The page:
I think that many filmmakers recognise the need to build an audience ahead of their feature and are now releasing “making of” and behind-the-scenes (BTS) content – either videos or blog posts – during development and through into festival screenings. But this only appeals to one segment of the audience and it doesn’t get anyone engaged with the story. Instead of only doing the BTS stuff, create content and stories around the movie. The fictional characters in the feature had lives before the movie started and they continue after the audience leaves the cinema; the locations also have a life and a history that’s bigger than the movie.

2. One of the taglines for TS is “profitable audience engagement.” Does TS offer direct monetization tools (like a shopping cart), or do you mean “profitable” in the sense that the transmedia elements lead to increased sales of something else (e.g., DVDs)?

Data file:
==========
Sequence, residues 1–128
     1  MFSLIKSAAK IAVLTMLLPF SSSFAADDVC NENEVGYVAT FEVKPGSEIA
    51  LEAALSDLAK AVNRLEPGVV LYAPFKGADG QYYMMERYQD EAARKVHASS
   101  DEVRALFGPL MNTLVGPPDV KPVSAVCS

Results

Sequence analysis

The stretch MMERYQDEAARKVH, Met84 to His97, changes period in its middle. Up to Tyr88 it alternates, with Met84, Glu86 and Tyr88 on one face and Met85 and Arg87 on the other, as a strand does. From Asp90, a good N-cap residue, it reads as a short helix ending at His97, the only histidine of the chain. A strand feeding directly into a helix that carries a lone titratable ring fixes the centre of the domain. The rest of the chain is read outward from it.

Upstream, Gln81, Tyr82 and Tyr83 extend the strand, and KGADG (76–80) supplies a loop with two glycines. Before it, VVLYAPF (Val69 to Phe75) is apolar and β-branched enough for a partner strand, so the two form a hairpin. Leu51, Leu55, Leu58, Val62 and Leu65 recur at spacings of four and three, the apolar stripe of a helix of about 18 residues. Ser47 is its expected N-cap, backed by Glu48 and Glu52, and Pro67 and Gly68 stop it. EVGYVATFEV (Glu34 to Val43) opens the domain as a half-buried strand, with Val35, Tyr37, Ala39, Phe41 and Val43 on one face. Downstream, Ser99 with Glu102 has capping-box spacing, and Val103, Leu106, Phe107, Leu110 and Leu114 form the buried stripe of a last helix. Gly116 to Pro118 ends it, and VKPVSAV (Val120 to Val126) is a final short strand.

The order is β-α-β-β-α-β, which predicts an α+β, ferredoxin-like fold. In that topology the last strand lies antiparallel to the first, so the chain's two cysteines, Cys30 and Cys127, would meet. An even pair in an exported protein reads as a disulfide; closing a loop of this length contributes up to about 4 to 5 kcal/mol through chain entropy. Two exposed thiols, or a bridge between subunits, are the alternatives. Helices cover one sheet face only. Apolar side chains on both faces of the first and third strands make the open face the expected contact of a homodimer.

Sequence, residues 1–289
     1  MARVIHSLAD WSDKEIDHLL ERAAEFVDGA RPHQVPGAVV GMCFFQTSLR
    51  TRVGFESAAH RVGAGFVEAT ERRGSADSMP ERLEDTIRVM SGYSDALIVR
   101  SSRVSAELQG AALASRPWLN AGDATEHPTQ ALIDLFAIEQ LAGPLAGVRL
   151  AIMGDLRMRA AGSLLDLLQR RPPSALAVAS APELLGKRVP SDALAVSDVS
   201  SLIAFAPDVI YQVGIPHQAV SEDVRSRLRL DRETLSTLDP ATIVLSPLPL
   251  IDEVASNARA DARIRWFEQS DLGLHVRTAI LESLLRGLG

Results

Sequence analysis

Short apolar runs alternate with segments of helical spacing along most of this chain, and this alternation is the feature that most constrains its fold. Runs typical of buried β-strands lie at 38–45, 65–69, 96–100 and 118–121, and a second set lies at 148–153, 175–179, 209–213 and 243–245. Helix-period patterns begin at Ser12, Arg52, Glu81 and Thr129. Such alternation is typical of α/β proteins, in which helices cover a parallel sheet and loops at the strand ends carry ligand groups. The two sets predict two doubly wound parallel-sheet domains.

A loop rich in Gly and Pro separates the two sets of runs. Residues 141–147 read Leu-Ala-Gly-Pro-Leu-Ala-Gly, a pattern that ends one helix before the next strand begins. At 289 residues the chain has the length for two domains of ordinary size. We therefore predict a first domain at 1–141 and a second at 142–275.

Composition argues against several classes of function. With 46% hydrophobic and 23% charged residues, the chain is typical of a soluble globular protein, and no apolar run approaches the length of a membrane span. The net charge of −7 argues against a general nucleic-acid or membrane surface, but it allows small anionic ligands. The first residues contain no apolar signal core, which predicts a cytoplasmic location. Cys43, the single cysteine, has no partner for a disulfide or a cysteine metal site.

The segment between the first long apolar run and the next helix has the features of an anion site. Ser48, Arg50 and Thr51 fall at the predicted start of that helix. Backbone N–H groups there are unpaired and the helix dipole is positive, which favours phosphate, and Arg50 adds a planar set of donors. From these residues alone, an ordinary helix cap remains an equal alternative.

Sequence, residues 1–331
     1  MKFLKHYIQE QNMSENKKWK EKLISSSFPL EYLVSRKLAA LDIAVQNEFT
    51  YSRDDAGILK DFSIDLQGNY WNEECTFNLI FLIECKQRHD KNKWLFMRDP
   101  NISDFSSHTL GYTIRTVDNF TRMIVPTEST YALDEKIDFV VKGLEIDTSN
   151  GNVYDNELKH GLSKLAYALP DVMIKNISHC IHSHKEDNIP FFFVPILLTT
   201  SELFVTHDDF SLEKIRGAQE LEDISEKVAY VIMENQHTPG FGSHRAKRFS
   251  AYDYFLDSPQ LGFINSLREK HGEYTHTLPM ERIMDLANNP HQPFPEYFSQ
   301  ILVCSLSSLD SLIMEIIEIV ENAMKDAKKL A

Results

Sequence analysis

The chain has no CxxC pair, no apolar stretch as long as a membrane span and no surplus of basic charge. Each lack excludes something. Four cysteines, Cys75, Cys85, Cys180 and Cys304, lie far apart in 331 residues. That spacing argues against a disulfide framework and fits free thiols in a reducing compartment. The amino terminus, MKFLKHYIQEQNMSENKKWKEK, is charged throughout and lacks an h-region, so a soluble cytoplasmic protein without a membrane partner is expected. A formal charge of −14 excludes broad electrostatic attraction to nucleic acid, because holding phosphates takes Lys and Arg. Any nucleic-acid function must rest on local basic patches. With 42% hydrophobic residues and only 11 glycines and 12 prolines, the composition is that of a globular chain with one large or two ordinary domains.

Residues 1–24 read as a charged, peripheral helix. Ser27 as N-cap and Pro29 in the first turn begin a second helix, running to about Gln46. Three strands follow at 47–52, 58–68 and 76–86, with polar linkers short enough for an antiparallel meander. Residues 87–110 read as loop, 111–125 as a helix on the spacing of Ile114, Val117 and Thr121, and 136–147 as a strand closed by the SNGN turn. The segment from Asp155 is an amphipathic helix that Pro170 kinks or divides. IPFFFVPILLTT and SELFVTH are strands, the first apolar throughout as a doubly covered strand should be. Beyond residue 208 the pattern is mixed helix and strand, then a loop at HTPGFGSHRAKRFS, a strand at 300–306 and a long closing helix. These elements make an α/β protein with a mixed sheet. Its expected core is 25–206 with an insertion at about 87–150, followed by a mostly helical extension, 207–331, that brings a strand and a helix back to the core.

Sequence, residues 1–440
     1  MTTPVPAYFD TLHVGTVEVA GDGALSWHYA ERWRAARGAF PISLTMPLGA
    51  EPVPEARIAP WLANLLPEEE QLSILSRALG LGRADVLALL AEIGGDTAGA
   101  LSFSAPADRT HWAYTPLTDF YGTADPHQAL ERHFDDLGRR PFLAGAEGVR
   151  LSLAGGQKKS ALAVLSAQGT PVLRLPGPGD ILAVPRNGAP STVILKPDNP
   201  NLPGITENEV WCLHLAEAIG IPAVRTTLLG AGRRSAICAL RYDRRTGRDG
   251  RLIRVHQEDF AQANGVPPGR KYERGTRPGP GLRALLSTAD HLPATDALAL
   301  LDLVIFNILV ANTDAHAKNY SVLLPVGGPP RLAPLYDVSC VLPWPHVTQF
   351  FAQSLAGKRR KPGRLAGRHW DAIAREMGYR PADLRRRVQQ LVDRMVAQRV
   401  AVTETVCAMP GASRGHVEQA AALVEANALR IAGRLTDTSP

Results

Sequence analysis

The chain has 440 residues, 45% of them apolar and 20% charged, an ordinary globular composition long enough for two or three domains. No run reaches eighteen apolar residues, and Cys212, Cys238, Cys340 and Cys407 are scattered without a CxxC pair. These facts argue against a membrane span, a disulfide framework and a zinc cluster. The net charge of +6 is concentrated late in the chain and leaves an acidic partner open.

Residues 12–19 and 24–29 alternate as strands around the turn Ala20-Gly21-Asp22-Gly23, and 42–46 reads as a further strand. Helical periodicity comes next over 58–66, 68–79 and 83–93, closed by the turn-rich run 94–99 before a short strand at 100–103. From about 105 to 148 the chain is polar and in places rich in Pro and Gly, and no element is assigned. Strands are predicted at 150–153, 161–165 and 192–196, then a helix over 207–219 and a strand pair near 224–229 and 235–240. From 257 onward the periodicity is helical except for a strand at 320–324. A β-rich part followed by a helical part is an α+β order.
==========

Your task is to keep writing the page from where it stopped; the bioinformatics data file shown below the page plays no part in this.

Profitability has two drivers – cost and revenue. TransmediaStoryteller has a direct impact on lower costs because it simplifies the creation, management, delivery and operation of transmedia projects and in many cases removes the need to develop custom software. It’s intended to be an off-the-shelf tool that you’ll use like FinalCut or Premiere except that instead of editing a movie you’re editing an experience.

But now let me talk about revenues. What we’re developing is a new business model for filmmakers. I sincerely want filmmakers to be able to distribute and sell their own work without having to rely distributors or the curators at iTunes or Netflix. That doesn’t mean there isn’t a role for those players, I’m just saying that I don’t want us to be dependent on them and I don’t want all the retail power to be in the hands of a few stores.